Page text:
John Benson Sr. laughs when he retells the story of how he told his son Johnny that he wasn't going to run in the World of Outlaws because of the money and safety risk. The younger Benson is now driving in the 200 mph NASCAR Winston Series. The...
John Benson Sr. laughs when he retells the story of how he told his son Johnny that he wasn't going to run in the World of Outlaws because of the money and safety risk.
The younger Benson is now driving in the 200 mph NASCAR Winston Series. The elder Benson gets a close look at the speed and danger sometimes serving as the Tyler Jet Motorsports team's second spotter.
Racing, probably more than any other sport, runs in the veins of family members and there's probably no other sport tougher on family.
Most drivers in Sunday's race trace the start of their racing careers to their fathers. The Benson family is no different. John Benson, 60, graced the cover of Stock Car Racing Magazine in 1970. He enjoyed a 28-year racing career and posted more than 75 victories including the "crown jewel" of the modified series at the time. He also started and continues to operate Benson Speed Equipment in Grand Rapids, Mich.
"I really didn't care if Johnny raced or not. I just wanted him to do what he wanted to do in life. As he was growing up, I thought he was going to continue with the family business selling race cars and building parts. We had him in the business pretty early. He showed a lot of interest. He was welding when he was six or seven years old. I let him do what he wanted to do. If he had wanted to do something else I would have let him do it."
"For years we had built cars and one day I was walking by our surface plate where we built the cars and there was a dirt car on it. We didn't have cars on the plate that we hadn't sold so I asked him who was this car for? He said it was for him. Even though we sold a lot of dirt cars I had no background in running dirt cars although I had a lot of feedback from other drivers. That was kind of a shocker to me."
"I still enjoy watching the short tracks but the bigger tracks are a little scary. When Johnny got running good around Marne he came and told me he wanted to run open wheel cars in the World of Outlaws Series. I said that would be fine but he would have to do it out of someone else's garage because I'm not going to do it out of here, simply because of the risk factor and the money factor. I just thought the risk was too high. That's funny because the risk here in NASCAR is probably even higher now than the World of Outlaws.
"When your son is racing you are not only watching him as a fan but as a racer you know all the hazards that are out there. His mother probably isn't as worried as I am because I know what all can go wrong out there. It makes it twice as bad as me being out there. I enjoy watching him though. I don't care what your kids are doing you are going to enjoy it. Especially if they are doing half-way decent. I see a lot of what I would have liked to have done 40 years ago. I probably should have gone the route he did but I was making good money, wanted a family, and didn't want all the travel.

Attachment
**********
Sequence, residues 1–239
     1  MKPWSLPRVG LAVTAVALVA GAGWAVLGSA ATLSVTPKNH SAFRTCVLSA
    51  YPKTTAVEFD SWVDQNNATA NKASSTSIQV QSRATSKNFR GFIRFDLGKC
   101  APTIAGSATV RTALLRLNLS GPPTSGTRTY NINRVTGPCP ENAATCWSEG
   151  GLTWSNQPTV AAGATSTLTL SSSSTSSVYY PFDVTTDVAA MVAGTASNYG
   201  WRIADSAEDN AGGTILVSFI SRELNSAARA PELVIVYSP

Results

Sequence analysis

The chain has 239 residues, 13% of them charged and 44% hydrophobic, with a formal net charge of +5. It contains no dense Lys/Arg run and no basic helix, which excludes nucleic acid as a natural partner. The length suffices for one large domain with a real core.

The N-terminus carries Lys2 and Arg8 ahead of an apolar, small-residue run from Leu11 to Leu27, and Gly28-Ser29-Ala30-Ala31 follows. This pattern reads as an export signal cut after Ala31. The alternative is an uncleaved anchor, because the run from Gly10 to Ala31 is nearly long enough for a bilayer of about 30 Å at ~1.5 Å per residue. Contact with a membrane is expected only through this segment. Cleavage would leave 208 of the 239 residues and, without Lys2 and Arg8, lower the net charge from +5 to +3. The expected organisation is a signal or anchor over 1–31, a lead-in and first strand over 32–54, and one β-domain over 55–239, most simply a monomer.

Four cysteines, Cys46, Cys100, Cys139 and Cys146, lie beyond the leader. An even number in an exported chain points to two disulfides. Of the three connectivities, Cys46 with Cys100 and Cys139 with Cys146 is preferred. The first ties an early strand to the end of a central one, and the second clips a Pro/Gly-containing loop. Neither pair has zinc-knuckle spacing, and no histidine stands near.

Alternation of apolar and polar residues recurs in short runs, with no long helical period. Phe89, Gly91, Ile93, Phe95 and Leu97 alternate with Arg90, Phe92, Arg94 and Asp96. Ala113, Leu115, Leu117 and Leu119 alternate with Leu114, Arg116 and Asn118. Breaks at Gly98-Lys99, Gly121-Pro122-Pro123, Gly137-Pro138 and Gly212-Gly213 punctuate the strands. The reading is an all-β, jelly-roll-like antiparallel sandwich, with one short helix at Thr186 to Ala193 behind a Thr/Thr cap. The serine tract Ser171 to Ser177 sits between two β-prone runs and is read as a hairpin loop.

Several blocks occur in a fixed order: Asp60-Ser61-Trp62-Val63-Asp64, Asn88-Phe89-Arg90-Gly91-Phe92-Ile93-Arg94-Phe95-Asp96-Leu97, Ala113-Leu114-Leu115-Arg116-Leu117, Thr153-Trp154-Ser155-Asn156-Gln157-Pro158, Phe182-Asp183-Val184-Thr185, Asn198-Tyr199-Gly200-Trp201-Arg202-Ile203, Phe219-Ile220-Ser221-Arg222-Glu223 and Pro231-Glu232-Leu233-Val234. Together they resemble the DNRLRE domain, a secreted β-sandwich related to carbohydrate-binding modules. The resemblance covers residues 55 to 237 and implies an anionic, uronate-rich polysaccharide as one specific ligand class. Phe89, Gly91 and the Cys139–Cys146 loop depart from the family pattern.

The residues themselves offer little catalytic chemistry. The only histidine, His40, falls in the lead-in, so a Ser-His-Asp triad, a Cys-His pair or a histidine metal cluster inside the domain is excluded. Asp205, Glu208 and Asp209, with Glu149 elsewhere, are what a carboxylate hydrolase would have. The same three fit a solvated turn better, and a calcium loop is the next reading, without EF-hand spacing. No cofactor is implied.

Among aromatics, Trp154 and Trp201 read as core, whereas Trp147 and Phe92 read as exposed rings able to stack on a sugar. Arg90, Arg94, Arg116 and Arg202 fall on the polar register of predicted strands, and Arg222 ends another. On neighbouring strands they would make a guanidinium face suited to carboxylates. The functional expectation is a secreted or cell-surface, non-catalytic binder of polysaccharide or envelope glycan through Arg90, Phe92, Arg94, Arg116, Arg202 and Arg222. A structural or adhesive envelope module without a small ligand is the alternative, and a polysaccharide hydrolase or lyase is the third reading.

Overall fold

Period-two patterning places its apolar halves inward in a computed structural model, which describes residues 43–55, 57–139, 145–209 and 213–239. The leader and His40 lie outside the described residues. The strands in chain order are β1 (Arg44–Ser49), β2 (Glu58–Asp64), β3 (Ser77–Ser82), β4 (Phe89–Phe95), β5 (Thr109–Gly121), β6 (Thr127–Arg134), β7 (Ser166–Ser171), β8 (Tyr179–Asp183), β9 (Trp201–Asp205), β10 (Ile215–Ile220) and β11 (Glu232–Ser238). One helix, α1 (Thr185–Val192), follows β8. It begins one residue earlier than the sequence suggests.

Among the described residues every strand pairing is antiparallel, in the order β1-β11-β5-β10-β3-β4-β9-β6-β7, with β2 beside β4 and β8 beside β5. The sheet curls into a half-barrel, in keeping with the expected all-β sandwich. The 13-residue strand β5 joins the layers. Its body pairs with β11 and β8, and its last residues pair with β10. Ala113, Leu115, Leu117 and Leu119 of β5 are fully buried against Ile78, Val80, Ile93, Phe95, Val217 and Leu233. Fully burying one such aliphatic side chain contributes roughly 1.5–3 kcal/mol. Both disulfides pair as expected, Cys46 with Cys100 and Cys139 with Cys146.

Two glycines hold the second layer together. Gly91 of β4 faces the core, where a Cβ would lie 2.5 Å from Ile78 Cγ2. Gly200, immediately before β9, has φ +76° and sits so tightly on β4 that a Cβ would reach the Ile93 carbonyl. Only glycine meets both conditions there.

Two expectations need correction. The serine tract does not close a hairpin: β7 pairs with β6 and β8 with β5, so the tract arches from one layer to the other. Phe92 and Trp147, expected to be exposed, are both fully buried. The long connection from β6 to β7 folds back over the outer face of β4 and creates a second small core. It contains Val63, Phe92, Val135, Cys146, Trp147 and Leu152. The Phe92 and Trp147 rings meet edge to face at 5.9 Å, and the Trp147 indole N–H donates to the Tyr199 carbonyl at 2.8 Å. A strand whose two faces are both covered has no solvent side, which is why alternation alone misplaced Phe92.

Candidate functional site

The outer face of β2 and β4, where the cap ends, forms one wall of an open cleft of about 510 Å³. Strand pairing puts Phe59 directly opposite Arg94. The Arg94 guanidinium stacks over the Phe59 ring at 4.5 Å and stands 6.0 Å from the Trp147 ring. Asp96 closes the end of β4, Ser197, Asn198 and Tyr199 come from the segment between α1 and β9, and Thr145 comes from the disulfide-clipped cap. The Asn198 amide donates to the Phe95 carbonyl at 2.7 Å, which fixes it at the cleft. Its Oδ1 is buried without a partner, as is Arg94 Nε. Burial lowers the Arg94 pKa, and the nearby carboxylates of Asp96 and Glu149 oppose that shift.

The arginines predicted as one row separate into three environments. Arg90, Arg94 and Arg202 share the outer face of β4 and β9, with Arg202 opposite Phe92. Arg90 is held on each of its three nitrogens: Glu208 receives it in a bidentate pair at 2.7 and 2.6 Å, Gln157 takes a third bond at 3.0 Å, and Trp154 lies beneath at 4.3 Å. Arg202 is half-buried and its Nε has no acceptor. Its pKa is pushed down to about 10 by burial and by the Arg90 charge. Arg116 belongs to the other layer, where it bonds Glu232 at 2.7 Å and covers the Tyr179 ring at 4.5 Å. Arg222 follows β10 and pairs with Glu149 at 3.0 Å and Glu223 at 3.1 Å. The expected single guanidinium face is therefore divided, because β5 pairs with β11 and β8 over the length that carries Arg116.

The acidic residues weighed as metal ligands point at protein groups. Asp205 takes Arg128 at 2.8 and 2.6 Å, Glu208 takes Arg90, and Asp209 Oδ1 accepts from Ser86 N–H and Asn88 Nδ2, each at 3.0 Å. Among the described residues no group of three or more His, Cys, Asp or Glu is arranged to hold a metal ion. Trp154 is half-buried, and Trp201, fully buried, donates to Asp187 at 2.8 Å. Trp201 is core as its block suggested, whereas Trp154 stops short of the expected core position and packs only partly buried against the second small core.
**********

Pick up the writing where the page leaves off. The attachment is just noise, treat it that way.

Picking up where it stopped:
"I don't think I ever get scared. Sometimes at Talladega when the whole field is going down the backstretch about five deep with 30 cars lined up and I know there is no way they are going to make it to the third turn - that gets kind of scary."
Johnny Benson on His Father
"Sometimes he is a good sounding board for what is going on in my racing career. He comes to about a dozen races a year. He likes the races, but I think he also enjoys seeing his two granddaughters. Yeah, he did tell me I couldn't run open-wheel out of his shop. It's funny now because we are running almost 200 mph on the superspeedways. He knows the risks and understands them but I'm sure it is kind of tough on him. But he and mom are used to it. Heck, I tell him it's his fault if he ever complains about my racing.
"Gosh, it's impossible for me to even begin to describe what he has done for my career or even more importantly in my life. If your father isn't there for you in life then that's a tough deal no matter who you are. As for racing he taught me a lot of what I know. But more importantly he taught me discipline, honor, all that kind of stuff that stays with you no matter what you end up doing in life. I don't get to talk to him as much as I like these days but we do talk."
<pre> THE RACE: Pocono 500 Winston Cup Race #15 of 34 for the 2000 season a.. Race: Sunday, June 18, 2000 in Long Pond, PA b.. TV: TNN 1:00pm/et c.. 1999 Race Winner: Bobby Labonte d.. Track/Race Length: 2.5 mile oval, 200 laps, 500 miles e.. Pit Road Speed: 45mph
Practice f.. Practice: Friday, June 16th 11:00am - 2:00pm/et; Saturday, June 17th 9:30 -10:50am/et g.. Happy Hour Practice: Saturday, June 17th, after the ARCA race, TV-none
Qualifying h.. Qualifying Draw: Friday, June 16th at 10:30am/et i.. First Round Qualifying: 1 lap for positions 1-25, Friday, June 16th at 3:00pm/et, TV-TNN tape delay on Saturday at 9:00am/et and live via MRN radio/internet j.. Second-Round Qualifying: 1 lap for positions 26th-43rd, Saturday, June 17th at 11:30am/et k.. Track/Race Qualifying Record: Sterling Marlin, June 1999, 170.506mph l.. Last Year's Pole Sitter: Sterling Marlin, 170.506mph
Track Specs: Superspeedway: 2.5 mile tri-oval